Get the latest updates as we post them — right on your browser

. Last Updated: 07/27/2016

Eastern Europe Suffers From Racism Hangover

LONDON -- Racist abuse and neo-Nazi groups congregating at football stadiums have aroused ugly memories of 20th-century fascism and dismayed the European governing soccer body.

This season UEFA has announced a 10-point plan, including threatened sanctions against clubs and supporters, to attack racism and has also launched investigations into two cases of alleged racist abuse.

Two black England internationals -- Emile Heskey and Ashley Cole-- were appalled at the vicious tirades they were subjected to during an international between England and Slovakia in Bratislava in October.

Heskey was a particular target of the crowd, who made monkey noises and gestures, while Cole said even stretcher bearers in the Tehelne stadium had insulted him.

"It was a shock that it was this bad," said Heskey. "We're in the year 2002 and you would think that everyone's minds would have changed by now but it's still the same. It's very sad."

Piara Power, co-ordinator of the British anti-racist group "Kick It Out," says the problem applies particularly to the old Soviet bloc countries.

"They didn't have those populations from Africa and Asia coming over, they are still coming to terms with the outside, this idea of people of color coming in," he said.

"Because football is a mass spectator sport, football stadiums are where neo-Nazi groups congregate and it is quite common in places like Hungary and the former Yugoslavia to see fans with neo-Nazi information outside stadiums because these countries were at the heart of Nazi regimes 50 years ago.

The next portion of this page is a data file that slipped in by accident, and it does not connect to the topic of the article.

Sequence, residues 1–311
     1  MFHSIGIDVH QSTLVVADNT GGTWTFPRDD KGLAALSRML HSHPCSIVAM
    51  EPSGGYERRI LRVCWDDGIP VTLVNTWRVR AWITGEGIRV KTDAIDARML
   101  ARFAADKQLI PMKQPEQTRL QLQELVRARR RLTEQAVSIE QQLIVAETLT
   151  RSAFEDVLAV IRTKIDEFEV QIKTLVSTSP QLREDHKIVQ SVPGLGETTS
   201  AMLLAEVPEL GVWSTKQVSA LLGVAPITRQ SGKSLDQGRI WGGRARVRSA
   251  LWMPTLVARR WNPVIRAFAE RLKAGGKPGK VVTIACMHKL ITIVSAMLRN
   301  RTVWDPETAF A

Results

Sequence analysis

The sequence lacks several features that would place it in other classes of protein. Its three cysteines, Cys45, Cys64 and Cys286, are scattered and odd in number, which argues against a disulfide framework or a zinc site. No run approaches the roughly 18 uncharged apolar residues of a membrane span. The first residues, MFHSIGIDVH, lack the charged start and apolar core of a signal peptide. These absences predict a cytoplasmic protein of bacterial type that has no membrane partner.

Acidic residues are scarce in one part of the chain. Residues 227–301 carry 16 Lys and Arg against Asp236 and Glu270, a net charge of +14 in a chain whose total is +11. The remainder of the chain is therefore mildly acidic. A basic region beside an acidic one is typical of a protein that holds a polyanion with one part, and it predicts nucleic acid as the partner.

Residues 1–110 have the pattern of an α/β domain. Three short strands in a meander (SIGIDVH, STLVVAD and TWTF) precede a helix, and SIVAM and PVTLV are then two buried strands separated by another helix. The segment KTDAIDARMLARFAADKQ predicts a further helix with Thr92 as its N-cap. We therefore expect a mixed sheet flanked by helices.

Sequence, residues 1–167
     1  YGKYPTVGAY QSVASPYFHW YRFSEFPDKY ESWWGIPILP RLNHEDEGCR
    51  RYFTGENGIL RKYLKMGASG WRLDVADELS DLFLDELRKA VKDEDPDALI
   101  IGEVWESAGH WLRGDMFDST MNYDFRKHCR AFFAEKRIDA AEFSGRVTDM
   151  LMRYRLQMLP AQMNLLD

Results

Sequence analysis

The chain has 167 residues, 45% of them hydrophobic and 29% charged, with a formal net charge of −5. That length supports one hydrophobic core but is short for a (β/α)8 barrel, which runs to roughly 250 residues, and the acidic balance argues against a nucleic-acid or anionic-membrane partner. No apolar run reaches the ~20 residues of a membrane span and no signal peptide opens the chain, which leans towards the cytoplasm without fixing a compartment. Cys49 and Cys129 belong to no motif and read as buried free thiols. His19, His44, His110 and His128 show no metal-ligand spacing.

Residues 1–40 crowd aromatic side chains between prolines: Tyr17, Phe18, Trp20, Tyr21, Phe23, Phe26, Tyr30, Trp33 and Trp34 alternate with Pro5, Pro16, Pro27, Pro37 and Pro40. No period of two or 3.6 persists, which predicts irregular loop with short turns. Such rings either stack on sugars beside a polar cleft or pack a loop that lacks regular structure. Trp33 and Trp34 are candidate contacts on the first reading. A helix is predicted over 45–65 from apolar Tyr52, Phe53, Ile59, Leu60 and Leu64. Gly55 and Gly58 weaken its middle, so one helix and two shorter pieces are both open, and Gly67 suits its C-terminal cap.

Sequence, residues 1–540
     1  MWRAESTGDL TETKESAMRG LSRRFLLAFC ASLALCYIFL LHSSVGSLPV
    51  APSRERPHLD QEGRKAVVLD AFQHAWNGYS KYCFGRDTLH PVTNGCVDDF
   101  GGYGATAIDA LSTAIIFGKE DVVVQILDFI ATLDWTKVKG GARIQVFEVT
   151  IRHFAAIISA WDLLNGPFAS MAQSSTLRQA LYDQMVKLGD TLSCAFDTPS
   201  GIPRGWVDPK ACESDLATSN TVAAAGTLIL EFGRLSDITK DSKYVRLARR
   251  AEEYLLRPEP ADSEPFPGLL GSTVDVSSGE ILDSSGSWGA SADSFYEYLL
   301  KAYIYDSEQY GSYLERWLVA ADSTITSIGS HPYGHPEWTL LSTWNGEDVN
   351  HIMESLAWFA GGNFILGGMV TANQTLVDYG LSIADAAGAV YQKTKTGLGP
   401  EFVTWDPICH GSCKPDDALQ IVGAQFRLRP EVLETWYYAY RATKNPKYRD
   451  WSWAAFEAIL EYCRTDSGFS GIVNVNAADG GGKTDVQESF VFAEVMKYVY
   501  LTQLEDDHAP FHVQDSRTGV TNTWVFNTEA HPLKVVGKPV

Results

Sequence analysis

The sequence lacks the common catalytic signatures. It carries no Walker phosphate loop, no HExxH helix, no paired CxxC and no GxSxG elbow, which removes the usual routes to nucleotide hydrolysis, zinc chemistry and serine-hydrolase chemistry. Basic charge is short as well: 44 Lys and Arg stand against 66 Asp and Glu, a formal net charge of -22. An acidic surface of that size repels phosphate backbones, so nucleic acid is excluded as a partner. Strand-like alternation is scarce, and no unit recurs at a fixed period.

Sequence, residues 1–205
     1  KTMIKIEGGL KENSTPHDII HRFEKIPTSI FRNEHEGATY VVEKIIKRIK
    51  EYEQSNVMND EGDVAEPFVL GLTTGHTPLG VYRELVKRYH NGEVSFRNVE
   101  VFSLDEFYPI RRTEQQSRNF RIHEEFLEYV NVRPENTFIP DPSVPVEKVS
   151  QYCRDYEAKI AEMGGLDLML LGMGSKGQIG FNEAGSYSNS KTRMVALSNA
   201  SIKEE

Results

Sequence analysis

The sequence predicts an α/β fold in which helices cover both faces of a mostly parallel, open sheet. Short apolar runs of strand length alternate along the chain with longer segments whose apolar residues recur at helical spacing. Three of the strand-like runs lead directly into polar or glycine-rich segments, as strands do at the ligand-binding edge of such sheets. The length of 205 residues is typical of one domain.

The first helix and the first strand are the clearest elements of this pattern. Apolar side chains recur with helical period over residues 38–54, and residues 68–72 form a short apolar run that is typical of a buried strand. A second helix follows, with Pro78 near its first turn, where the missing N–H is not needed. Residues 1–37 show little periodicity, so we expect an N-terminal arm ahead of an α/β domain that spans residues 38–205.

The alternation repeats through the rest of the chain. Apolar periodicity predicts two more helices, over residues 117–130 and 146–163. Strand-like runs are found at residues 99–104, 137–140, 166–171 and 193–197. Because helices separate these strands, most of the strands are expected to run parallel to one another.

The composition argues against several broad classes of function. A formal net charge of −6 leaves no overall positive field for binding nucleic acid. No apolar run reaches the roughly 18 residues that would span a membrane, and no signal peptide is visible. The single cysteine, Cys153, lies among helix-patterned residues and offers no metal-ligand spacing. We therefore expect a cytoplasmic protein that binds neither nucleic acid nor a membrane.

"We know, for example, in Poland and Hungary that neo-Nazi graffiti outside stadiums is very common."

In Italy and Germany there is also evidence of racist abuse linked to far-right groups.

"Racism in Italian stadiums isn't a novelty," said a magazine produced by the anti-racist group Progetto Ultra. "During the early '90s, though, the phenomenon reached its highest peak, parallel to an increase of right-wing factions.

"Those were the years of massive immigration, of loads of immigrants landing on our coast ... of great social problems exploding so that rising xenophobia could flourish."

Rome's Lazio is the club most closely associated with hard-core racist supporters, although president Sergio Cragnotti has taken a lead by telling them they are simply no longer welcome at the Olympic Stadium.

Racism has not been an issue in the Bundesliga recently, but there have been problems in the minor leagues, and banners bearing right-wing slogans have been sighted in the stands during a bad-tempered match in the eastern city of Leipzig, a venue for the 2006 World Cup finals.

"In Western Europe, there are a lot of countries that have made a lot of progress, Germany for example" Power said.

"But many countries have not made the progress that we would have expected. So that is a problem that hasn't really been challenged in the way it should have been.

"In most of those countries there has been a prominent candidate of the right who has put immigration at the forefront.

"It has implications for all institutions, things going on in the playground and on the streets which reflect that debate."